The skin tells him if the surface is too hot for handling, the ears gives him a heads-up if danger is coming, the tongue tells him that something is wrong with the food. Now the nose and the olfactory nerves in it also function in tandem with other organs. Foul smell coming from feces, decomposing dead bodies, rotten fruits and spoiled food warns people that something is amiss and that they should steer clear from the source of such bad odor. As explained by Kinkele the brain does not only tell the person not to handle and to stay away from stinking objects but the emotions of the person is affected as well.
Now, it is easy to understand that pleasant smell causes the same strong emotional reaction but instead of being pushed away, the person is being pulled closer and closer to the source of the aromatic substance that makes him feeling good inside. Kinkele asserts that the interaction between aroma wafting in the immediate surroundings can alter mood and behavior due to the following reasons: The limbic system is the headquarters of our emotional world. This is where all the information accumulated through the emotional conditioning of a lifetime is stored.
[…] Reflex-like structures have developed, responding more quickly than the mental custodians in the cerebrum. This give an emotional reaction a certain advantage over the more slowly generated ideas we create about ourselves and the world around us (p. 11). The phenomenon of body reacting faster than the mind is easily observable in day to day experience. A person accidentally touching a hot stove will not spend a few seconds analyzing what had just happened. There is a part of the brain that immediately commands the hands and the fingers to pull away before the person even realizes what has happened.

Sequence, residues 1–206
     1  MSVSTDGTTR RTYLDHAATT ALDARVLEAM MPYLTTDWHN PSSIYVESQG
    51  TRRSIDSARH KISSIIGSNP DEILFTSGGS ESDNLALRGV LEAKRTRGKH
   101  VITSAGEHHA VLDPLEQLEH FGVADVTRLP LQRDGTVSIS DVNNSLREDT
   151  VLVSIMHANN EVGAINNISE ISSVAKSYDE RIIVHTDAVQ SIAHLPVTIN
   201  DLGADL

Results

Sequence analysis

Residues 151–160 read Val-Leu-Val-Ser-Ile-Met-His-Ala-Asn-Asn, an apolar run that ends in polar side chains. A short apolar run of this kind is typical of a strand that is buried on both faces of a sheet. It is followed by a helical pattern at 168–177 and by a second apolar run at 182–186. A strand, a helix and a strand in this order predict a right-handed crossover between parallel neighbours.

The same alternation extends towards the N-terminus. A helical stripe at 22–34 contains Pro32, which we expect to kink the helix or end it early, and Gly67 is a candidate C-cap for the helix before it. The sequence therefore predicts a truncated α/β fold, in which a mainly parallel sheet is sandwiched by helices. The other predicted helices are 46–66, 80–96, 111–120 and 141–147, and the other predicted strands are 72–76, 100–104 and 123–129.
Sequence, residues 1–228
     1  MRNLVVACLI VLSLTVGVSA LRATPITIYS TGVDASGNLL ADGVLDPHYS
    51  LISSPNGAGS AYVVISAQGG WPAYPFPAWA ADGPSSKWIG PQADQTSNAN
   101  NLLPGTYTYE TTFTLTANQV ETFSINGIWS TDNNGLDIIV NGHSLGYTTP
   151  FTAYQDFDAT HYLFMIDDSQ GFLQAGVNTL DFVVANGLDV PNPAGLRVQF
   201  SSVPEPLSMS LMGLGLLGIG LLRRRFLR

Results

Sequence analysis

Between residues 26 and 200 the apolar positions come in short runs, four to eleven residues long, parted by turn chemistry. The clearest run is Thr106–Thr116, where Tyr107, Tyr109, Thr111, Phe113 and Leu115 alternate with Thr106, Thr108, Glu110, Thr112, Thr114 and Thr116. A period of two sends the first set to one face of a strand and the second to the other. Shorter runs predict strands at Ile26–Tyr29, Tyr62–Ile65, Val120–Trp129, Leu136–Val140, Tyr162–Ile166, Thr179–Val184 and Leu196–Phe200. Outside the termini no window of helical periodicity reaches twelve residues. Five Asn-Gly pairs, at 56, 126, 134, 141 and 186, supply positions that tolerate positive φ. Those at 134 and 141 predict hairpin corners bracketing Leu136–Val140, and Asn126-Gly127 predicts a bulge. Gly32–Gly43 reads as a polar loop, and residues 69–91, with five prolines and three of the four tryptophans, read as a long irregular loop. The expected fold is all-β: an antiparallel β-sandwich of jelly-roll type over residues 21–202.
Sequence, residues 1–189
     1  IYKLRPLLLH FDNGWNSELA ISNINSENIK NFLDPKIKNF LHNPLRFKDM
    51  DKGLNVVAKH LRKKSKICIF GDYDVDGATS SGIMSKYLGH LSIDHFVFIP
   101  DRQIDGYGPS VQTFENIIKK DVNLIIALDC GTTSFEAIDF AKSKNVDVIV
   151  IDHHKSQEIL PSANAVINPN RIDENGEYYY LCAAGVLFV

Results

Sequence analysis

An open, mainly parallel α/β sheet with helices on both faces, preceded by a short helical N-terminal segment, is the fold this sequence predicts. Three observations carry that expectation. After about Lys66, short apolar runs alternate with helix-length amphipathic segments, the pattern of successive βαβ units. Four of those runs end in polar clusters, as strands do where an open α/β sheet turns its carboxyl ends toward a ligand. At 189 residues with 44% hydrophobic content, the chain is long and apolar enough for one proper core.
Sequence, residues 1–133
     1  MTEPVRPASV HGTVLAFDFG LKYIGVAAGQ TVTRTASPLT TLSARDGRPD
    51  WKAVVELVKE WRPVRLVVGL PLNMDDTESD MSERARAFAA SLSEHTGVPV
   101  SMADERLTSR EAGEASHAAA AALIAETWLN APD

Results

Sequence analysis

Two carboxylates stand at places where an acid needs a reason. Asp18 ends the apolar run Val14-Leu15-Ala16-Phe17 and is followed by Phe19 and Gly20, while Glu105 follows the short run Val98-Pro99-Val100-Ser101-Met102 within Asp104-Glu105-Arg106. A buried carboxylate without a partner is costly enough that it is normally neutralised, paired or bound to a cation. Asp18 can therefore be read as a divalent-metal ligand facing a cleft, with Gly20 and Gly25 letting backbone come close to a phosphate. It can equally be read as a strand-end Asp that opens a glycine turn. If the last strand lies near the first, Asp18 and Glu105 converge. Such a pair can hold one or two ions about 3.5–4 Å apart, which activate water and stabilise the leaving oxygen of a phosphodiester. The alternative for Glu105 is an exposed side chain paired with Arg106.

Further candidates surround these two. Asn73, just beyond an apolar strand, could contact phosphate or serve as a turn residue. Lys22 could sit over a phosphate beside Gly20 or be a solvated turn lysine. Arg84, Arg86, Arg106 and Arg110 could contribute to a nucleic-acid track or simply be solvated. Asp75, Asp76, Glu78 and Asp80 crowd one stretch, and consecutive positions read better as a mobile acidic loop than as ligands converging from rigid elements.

And of course after the hand was jerked away from danger, it is the only time that brain will begin processing what had just happened. Now, imagine the same phenomenon working to override conscious body reactions not in response to danger but in response to a perceived good. Then it can be argued that certain stimulus in the environment is working to influence how the mind and body should behave in a certain circumstance. If the brain and body finds it hard to relax then pleasant smells that have known qualities to trigger such an emotional response can be used to suggest relaxation.
On the other hand, ancient perfumers may be privy to a body of knowledge concerning the proper conditioning of the mind and body in order to perform religious rituals. By releasing the odor of certain gum-resins, the priests – probably the first perfumers in the ancient world – would help facilitate the transaction between the earthly and the spiritual realms. But as will be shown later, incense is not only used for religious purposes only but also in the aesthetics aspects of living in ancient lands.